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N2 - We measured the forest biomass and biometrically derived net primary production (NPP) in a cool-temperate deciduous forest stand beneath a flux tower. NPP was calculated as the sum of the living biomass of new-season tissue in all organs (B) and biomass of new-season tissue lost due to death (L). Annual leaf-litter production was adopted as L. We regarded the total tree growth in the stand as B, and examined three methods for estimating B to discuss the practicality of continuous measurement of NPP to compare with corresponding estimates of eddy-covariance based net ecosystem exchange (NEE). The three methods were diameter at breast height (DBH)-growth allometry by stem analysis of sample trees (SA method), DBH-growth allometry by core sample analysis of sample trees (CS method) and direct measurement of stem growth by tree census (TC method). The total annual tree growth in the forest stand estimated by the SA, CS and TC methods was 2.26, 1.60 and 2.38 Mg ha-1, respectively, and NPP was 5.64, 4.98 and 5.74 Mg ha-1. The slope of the regression of DBH against annual tree growth was slightly smaller for the CS method than for the SA method; the CS method underestimated the growth of several sample trees that had no clear main stem and, as a result, greatly underestimated B. To estimate B, the SA and CS methods depend on the use of DBH-growth allometry. Thus, it is difficult to determine species-dependent growth in natural mixed forests by these methods if only a few sample trees are used. In contrast, the TC method can directly and continuously measure the growth of all tree stems. Therefore, the TC method is the most suitable method for measuring NPP through annual measurements of tree diameter and leaf-litter production allowing for direct comparison with eddy-covariance based estimate of NEE.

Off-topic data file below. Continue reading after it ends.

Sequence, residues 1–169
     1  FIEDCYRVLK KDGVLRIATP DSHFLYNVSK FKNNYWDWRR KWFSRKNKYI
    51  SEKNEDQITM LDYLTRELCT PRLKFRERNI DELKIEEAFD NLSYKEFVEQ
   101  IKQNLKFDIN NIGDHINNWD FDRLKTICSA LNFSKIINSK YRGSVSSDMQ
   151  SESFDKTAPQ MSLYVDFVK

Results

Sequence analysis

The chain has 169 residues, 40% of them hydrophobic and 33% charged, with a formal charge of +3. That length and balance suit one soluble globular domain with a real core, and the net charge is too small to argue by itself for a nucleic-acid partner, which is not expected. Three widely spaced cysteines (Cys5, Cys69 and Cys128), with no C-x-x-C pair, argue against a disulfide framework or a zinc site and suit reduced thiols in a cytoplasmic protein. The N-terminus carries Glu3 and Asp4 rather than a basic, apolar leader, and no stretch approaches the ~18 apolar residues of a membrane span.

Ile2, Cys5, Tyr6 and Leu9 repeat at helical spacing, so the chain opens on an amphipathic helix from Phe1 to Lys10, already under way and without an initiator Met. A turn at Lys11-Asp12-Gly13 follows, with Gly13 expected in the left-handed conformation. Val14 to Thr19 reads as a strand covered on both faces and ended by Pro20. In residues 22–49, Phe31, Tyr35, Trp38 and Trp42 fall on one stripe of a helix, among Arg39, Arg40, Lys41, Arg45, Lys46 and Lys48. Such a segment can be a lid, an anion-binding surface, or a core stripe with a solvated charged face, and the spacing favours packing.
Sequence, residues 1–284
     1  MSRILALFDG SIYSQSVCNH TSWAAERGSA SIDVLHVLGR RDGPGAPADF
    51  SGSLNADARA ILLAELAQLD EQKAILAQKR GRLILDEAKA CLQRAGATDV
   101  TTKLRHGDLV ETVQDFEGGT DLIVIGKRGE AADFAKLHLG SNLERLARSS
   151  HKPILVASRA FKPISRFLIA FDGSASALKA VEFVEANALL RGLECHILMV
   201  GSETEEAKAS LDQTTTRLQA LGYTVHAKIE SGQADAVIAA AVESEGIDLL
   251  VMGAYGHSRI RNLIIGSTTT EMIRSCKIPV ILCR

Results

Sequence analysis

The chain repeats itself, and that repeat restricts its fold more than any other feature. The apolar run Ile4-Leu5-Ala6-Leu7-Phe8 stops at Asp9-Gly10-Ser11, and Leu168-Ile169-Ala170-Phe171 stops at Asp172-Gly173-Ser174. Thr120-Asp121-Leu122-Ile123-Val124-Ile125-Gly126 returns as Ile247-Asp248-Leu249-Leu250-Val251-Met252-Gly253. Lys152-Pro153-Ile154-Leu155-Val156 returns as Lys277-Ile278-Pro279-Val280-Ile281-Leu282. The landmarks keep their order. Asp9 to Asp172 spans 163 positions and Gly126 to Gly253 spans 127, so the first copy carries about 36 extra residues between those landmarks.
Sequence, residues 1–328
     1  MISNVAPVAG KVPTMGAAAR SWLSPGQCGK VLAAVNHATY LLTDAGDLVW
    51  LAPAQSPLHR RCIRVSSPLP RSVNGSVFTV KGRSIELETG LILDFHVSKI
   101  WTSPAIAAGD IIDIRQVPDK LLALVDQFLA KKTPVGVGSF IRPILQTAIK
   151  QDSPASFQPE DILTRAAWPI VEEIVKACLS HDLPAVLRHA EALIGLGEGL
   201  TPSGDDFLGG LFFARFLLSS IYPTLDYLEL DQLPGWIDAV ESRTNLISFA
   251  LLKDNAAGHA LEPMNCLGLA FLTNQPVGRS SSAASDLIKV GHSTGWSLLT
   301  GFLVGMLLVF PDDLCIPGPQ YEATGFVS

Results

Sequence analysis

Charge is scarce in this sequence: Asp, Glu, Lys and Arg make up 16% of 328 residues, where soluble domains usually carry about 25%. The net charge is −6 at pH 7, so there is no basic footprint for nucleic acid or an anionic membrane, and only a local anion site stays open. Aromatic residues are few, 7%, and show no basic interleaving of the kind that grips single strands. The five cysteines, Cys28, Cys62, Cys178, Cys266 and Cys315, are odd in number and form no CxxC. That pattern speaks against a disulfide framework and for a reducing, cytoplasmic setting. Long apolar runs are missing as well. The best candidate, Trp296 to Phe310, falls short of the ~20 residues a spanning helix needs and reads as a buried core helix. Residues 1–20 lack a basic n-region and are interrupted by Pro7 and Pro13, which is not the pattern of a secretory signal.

AB - We measured the forest biomass and biometrically derived net primary production (NPP) in a cool-temperate deciduous forest stand beneath a flux tower. NPP was calculated as the sum of the living biomass of new-season tissue in all organs (B) and biomass of new-season tissue lost due to death (L). Annual leaf-litter production was adopted as L. We regarded the total tree growth in the stand as B, and examined three methods for estimating B to discuss the practicality of continuous measurement of NPP to compare with corresponding estimates of eddy-covariance based net ecosystem exchange (NEE). The three methods were diameter at breast height (DBH)-growth allometry by stem analysis of sample trees (SA method), DBH-growth allometry by core sample analysis of sample trees (CS method) and direct measurement of stem growth by tree census (TC method). The total annual tree growth in the forest stand estimated by the SA, CS and TC methods was 2.26, 1.60 and 2.38 Mg ha-1, respectively, and NPP was 5.64, 4.98 and 5.74 Mg ha-1. The slope of the regression of DBH against annual tree growth was slightly smaller for the CS method than for the SA method; the CS method underestimated the growth of several sample trees that had no clear main stem and, as a result, greatly underestimated B. To estimate B, the SA and CS methods depend on the use of DBH-growth allometry. Thus, it is difficult to determine species-dependent growth in natural mixed forests by these methods if only a few sample trees are used. In contrast, the TC method can directly and continuously measure the growth of all tree stems. Therefore, the TC method is the most suitable method for measuring NPP through annual measurements of tree diameter and leaf-litter production allowing for direct comparison with eddy-covariance based estimate of NEE.